Tuesday, March 12, 2013

Good signs from Spain but full recovery is some time away

CNBC ran an interesting story today about the possibility that Spain may begin an economic recovery fairly soon. In particular, two items that are worth pointing out may provide some tailwinds for Spain's economy.

1. Exports:
CNBC: - ... a healthy export sector that has increased market share throughout the recession; of these exports, steel and chemicals make up for 26 percent of the total, followed by capital goods (20 percent) and automobiles (17 percent); food products, Spain's traditional source of foreign exchange, are now only 16 percent of the total. 
2. Improved competitiveness in the labor markets - something that France for example is struggling with (see post).
CNBC: - While public servants have had pay cuts of between 10 and 25 percent, cuts of 20 to 40 percent are not uncommon in the private sector. In short, Spain has regained competitiveness and is in a position to benefit from growth in her trading partners.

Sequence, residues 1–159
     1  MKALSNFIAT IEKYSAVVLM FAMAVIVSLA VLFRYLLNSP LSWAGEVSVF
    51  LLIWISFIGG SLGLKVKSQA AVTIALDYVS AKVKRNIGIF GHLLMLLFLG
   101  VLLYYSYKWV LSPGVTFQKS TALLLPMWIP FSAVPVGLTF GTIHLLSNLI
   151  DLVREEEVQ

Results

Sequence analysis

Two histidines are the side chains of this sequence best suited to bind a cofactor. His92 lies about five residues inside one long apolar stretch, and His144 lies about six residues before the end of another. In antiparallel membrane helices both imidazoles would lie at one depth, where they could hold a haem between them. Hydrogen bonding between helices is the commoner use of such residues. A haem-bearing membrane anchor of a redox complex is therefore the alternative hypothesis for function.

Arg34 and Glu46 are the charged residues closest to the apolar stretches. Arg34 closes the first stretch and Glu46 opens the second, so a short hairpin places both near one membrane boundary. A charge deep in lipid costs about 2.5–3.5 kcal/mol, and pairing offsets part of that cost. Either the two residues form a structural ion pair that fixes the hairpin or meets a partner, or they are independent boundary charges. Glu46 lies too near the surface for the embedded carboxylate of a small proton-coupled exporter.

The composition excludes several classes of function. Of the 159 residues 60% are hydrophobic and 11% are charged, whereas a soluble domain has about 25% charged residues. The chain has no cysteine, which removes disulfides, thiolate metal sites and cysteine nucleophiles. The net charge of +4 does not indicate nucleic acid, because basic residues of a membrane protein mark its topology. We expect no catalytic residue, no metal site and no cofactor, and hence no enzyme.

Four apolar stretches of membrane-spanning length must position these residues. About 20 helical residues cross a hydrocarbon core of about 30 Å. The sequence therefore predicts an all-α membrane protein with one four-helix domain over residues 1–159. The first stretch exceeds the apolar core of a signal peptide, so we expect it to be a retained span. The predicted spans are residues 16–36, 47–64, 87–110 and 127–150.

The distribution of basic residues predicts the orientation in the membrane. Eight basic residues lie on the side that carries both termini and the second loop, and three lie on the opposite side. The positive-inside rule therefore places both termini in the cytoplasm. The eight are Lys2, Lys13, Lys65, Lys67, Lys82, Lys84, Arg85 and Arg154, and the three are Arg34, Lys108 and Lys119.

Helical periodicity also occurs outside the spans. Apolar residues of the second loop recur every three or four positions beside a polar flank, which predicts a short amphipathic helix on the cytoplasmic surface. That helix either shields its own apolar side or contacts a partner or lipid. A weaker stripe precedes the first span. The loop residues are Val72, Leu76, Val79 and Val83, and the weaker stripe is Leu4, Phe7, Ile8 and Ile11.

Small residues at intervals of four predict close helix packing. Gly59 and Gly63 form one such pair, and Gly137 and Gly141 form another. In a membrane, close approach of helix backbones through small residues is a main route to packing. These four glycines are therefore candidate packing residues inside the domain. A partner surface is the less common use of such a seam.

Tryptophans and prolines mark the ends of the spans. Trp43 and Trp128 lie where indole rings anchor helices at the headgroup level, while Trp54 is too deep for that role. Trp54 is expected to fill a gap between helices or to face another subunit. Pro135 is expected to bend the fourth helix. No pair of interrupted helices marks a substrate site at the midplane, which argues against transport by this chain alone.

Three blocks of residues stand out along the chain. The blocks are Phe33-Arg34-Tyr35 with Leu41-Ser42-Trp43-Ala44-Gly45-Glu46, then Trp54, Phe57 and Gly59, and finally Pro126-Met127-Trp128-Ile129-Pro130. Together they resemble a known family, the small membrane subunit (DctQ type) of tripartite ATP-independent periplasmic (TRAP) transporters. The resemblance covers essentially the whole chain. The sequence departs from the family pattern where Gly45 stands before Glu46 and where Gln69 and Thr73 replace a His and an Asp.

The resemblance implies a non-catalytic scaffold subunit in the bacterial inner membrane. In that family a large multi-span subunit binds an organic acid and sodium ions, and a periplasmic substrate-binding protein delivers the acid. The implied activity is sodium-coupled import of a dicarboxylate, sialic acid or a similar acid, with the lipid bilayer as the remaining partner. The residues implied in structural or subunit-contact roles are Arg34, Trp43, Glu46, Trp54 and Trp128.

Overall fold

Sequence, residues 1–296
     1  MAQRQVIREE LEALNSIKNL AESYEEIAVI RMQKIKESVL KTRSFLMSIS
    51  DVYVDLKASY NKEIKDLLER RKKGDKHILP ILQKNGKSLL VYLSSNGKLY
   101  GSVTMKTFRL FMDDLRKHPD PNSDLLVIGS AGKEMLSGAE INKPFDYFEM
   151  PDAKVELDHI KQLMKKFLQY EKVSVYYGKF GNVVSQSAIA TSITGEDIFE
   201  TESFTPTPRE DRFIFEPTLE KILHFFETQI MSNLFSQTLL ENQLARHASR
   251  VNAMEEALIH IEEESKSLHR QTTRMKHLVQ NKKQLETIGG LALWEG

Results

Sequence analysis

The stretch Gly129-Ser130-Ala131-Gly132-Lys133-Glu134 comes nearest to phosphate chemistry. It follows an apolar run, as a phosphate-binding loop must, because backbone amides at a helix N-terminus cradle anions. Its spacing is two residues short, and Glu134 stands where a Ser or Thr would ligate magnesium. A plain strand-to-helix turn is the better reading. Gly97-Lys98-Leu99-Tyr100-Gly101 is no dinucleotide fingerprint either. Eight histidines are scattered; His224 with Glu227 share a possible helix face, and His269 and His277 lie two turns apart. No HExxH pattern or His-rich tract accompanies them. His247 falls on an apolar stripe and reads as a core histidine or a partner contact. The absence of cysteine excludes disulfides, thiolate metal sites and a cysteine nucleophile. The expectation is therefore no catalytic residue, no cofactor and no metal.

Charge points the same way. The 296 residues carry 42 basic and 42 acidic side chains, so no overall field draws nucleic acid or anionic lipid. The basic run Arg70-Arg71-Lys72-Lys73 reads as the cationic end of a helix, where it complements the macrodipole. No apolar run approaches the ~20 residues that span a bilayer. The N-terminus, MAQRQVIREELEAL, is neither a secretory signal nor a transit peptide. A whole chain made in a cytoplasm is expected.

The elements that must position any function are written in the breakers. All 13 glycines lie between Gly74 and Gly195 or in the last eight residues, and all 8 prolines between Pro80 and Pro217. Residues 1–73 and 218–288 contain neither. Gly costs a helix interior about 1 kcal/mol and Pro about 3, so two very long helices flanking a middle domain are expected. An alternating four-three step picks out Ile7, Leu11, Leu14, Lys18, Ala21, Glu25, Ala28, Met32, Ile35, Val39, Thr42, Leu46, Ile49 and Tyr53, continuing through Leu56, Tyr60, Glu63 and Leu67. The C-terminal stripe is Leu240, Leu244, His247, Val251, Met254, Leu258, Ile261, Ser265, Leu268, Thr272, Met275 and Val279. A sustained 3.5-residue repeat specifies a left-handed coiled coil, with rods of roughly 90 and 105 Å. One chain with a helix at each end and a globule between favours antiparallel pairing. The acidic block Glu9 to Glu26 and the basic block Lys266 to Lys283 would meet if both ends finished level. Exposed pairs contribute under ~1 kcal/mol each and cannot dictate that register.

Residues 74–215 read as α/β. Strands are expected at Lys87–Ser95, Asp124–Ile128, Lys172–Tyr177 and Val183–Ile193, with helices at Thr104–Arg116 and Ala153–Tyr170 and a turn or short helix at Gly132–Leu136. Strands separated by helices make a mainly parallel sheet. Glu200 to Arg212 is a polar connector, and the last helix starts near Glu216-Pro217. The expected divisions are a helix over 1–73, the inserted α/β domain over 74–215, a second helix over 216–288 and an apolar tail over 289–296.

This second item is particularly interesting given Spain's large temp workforce which provides an additional level of flexibility (see discussion).

The one area the article didn't discuss in sufficient detail is Spain's banking system other than to say that the restructuring is nearly complete.
CNBC: - The restructuring of the banking system is nearly completed (partly at the cost of a higher public deficit), and de-leveraging of the banking sector is slowly proceeding (from 19 in 2007 to 16.7 in 2011)
Technically Spain has made the right moves toward stabilizing the banking system. More importantly the ECB has been instrumental in bringing some degree of confidence and stemming depositor flight out of the country (see discussion). But the Spanish banking system, especially among domestically focused institutions, still has a long way to go before it becomes fully functional. In particular analysts feel that the housing correction in Spain has not run its full course, which means that property loan portfolios have a long tail of failures (see post). Clearly Ireland's situation was different, but the comparison below leaves investors asking questions.

Housing price indices for Spain and Ireland (source: CS)

We are certainly going to see economic improvements in Spain in the next couple of years, but the full blown recovery may be some time away.

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